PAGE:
I have traveled to stadiums across the country and this is just one of those things that have to happen when you are trying to create more revenue opportunities. The students will be just fine. They get a separate entrance and get a say in how their seating area will be designed.
UW students don't pay athletic student fee's like they do at most Pac 10 schools. Tickets are also discounted by approximately 70 percent and that discount will probably be increased. So the students have always gotten a great deal.
Impact on the Football Program
This project puts Washington back on the national map in football. This remodel makes Husky Stadium one of the best if not the best football stadium in college football. That will make recruiting and retaining coaches a lot easier in these days of rampant athletic facility expansion. One of the highlights of the remodel will be a 70,000-square foot state-of-the-art facility built into the West side of Husky Stadium.
The football center will include separate training rooms, locker rooms, equipment rooms, weight room, meeting rooms and offices for the football coaches. These type of facilities have become standard in most big-time BCS programs. One look South of the border in Eugene shows you just how important this facility will be.
Obviously the number one impact for the athletic department is the ability to generate more funds from ticket sales and donations. Only 6% of the stadiums seating will be so called premium seating. The average across the country is more like 10%.
UW expects to generate $6 million annually from those seats which will go a long way toward paying the $15 millon per year the school needs to service the debt on the stadium. The rest of the money is expected to come from television, radio, increased attendance, fee's, and donations.
Impact on the game day environment
When you first walk into the new stadium you are going to be absolutely blown away. Compare it to the first time you visited Safeco or Qwest. You will be impressed but it will be better because it will combine most of the best of old and new.
Feel free to compare it to Autzen because the new Husky Stadium is just going to blow it away. This will be the best stadium in the conference if not the country. I admit there are some great college stadiums out there but none of them are close to being blessed with a location like Husky Stadium.
The crowd is going to be much closer to the field. The players are going to feel more connected the crowd if that even sounds possible since this is the noisiest venue in college football because of the opposing double deck configuration.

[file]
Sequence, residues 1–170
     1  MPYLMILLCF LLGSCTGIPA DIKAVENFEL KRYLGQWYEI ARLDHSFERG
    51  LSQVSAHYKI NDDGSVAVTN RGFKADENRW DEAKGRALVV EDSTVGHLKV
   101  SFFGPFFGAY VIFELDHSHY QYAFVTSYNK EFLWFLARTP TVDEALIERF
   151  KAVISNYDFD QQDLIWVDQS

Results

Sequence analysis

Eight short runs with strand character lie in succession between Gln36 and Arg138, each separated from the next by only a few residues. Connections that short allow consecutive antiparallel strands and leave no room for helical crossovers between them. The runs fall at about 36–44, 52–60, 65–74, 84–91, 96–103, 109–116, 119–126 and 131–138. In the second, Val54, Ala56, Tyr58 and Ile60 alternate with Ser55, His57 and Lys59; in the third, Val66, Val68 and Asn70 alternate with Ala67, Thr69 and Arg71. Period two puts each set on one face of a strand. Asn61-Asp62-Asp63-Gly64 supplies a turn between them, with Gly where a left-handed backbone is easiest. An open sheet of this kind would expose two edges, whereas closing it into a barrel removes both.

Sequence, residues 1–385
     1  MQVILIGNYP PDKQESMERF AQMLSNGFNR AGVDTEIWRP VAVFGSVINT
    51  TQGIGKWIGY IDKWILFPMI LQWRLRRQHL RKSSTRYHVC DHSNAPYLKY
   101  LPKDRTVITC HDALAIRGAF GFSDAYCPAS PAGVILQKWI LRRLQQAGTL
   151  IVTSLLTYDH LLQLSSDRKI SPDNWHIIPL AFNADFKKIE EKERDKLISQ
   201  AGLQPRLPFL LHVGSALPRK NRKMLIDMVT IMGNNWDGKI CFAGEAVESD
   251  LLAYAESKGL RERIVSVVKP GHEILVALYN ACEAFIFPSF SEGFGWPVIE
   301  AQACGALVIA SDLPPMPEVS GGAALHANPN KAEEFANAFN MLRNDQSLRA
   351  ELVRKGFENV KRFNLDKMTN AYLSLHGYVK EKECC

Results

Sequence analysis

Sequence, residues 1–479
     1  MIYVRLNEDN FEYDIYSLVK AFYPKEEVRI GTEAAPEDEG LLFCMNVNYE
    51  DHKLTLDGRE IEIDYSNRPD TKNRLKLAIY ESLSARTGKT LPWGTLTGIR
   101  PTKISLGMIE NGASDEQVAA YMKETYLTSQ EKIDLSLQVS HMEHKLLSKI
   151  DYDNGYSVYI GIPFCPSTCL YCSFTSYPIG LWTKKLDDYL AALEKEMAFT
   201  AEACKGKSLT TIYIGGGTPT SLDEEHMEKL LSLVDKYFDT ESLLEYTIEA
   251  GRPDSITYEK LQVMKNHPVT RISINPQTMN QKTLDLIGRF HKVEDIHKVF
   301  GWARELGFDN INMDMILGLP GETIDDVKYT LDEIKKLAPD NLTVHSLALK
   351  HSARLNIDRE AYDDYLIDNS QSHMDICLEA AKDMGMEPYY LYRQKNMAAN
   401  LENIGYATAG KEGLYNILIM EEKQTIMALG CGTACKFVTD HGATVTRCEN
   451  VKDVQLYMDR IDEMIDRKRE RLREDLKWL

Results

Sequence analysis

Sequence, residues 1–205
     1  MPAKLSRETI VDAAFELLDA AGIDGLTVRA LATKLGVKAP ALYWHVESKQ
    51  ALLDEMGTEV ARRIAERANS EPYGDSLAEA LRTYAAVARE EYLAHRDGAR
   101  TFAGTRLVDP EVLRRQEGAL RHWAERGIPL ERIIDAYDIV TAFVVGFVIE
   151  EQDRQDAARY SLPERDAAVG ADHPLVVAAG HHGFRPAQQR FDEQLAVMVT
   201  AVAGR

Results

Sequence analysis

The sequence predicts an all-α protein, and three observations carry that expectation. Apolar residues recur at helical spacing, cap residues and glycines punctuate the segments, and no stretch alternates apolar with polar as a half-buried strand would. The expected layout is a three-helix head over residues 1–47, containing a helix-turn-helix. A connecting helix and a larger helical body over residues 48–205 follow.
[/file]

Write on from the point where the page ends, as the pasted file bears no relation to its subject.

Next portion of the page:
The stadium will be more segregated. Most of us are not going to be rubbing elbows with the approximately 4100 people who are wealthy enough to afford premium seating and the amenities that go along with it. The students and the band as mentioned earlier gets moved to the west end zone where they will have a separate entrance to the stadium.
If you are in the press you were rumored be trading the best view in college football high above the 50 yard line on the South Deck for a modern and expanded press area on top of the new football operations center in the West end zone. The latest drawing we have seen that was released by the Seattle Times shows the press box on the 50 high up on the south side.
Tailgating is still going to be limited in the south parking lot until 2016 when the Sound Transit Light Rail Station is completed. In the meantime the athletic department will continue to entertain fans in "The Zone" which seems to be a success and continues to improve.
Scott Woodward says there is no phase two at this point. He said in a Seattle Times chat last week that the improvements would be made to the north upper deck before they even thought about expanding the stadium to over 80,000 by adding another upper deck to the west end zone. The need for more seats won't be there until the next decade. The transportation infrastructure to handle it won't be in place until then
The next major project once this one is finished will likely be a $20-$40 million training facility for the men's and women's basketball teams. The facility would have two practice courts, weight training, coaches offices, and support space. Not sure where this will be located but one guess might be where the old aquatic facility is.
How is this all going to lay out?
The Seattle Times published a great graphic on it last week. Seating configurations aren't written in stone yet but this is a pretty good guesstimate on how the stadium will look when it is finished.